Franchisees running several Pandora boutiques are plugged into the Pandora matrix so that the company has instant access to information on what is being sold. Partners with shop-in-shops are more opaque to Pandora. The company can only monitor sales into the stores, not sales through to customers. This will change this year. “We will work more closely with shop-in-shops so that they will have to report their sell-through numbers to us. This will help us and them to forecast better so that they have the right stock and merchandising,” Andersen explains. “One of our great successes has been that we have been very accurate at matching what we sell-in to what is selling-out.”
The integrated sales tracking and distribution system is getting so sophisticated now that stock will soon be automatically resupplied when it is running low in a store. “This should mean that our customers are never disappointed when they go to a store,” he adds.
There is no doubt that jewellers who want to continue to work with Pandora will have to cede some control to the behemoth. This is not always easy for businesses that have been run by the same families for generations, but the financial rewards of selling Pandora have always justified the compromises.
Andersen is aware that these businesses owners constantly agonise over the balance of power between themselves and Pandora. But all the while its jewellery is helping them to grow their businesses and family fortunes, Pandora expects them to comply.
This delicate balance will be challenged as never before as Pandora’s e-store expands. Like a snowball rolling down a slope of deep fresh powder, the website is growing by attracting customers, learning all about the buying habits of these customers, generating terabytes of data on their habits and turning that into higher sales. The more sales, the more data is generated. The more data, the easier it is to sell.
It is also easier for Pandora to manage its integrated design, manufacturing, distribution and delivery systems. And, every item that sells on line from its e-store is far more profitable than the same item sold by a high street jeweller.
“The e-store gives us a lot of information about consumer buying habits. The e-store is our own, which means that we retain more profit from everything we sell. It is a better margin for us, so the e-store has been great for us,” Andersen says.
A tipping point could be approaching, but for now Pandora’s UK partners are still making too much money to consider cutting loose, particularly at Christmas when visiting real shops on the high street and in malls is an irreplaceable part of the festive season.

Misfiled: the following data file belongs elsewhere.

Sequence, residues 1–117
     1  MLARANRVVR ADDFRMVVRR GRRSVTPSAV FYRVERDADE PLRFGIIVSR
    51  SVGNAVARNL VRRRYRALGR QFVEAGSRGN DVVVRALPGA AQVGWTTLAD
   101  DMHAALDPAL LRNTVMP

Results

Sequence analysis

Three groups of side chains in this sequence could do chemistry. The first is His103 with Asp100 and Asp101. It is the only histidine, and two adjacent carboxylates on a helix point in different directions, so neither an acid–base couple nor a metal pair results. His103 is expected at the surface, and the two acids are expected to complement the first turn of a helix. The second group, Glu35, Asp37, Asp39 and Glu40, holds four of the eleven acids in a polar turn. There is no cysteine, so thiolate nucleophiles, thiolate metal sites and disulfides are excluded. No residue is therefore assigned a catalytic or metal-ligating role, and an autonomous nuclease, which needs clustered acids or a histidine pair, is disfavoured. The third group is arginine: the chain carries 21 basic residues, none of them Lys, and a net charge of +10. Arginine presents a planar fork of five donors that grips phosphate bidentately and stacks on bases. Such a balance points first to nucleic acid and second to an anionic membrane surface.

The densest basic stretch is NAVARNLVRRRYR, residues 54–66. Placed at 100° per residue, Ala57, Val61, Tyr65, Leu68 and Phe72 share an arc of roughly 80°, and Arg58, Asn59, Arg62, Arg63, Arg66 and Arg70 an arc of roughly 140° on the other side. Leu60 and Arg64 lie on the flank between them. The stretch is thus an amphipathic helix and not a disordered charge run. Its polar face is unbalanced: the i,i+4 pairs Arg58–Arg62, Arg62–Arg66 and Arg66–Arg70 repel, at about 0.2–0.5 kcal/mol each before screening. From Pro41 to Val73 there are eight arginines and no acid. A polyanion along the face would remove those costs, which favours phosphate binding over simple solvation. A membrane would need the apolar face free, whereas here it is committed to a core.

“We still have queues outside our stores in the shopping malls and on the high street so people still want that retail service and experience. Over one million people came to London’s Oxford Street to see the Christmas lights being turned on (Pandora was the headline sponsor) so British shoppers like to go out shopping,” Andersen suggests.
Pandora is at pains to restate that it will remain loyal to UK retail partners that follow its vision. But the company will be impatient if companies fall behind its programme of continuous improvement.
Andersen is ready to challenge these partners to become the very best retailers in their towns and cities, and will not allow them to settle for being just the best jewellers.
“We need our franchisees to think like retailers, not just as jewellers. They need to become much better retailers,” he demands. “Retailers think about every aspect of retail. I don’t think jewellers think that way. They think that they are good retailers, but they could be so much better,” he adds.
The very best retailer in the world, Andersen says, is Apple. “I love going into Apple stores. You are met as you go into a store. They serve you from an iPhone. The products are always in store. Apple does retail very, very well.”
It isn’t impossible to imagine Pandora stores morphing into something looking and behaving like an Apple store. “We are trying,” says Andersen. “We are already starting to sell in store from iPads. Sales staff can even swipe credit cards from these iPads so there is no need to go to the tills.”
Pandora franchisees may argue that there is a vast difference between selling an Apple line up limited to phones, tablets and laptops. They have to sell thousands of different charms, earrings, rings and pendants. “That is true,” Andersen admits. “But I am a sucker for details, and that is why we are successful. I know it is a challenge, but that is what we must do.
“We could just sit back and say 2015 was a fantastic year so we can have a nice relaxing 2016. That would be the beginning of the end. I want to push our franchisees. I want to push them to become the best retailers around, not just the best jewellers. I want our owner-operated stores to be even better. We want to be the best retailers out there,” he demands.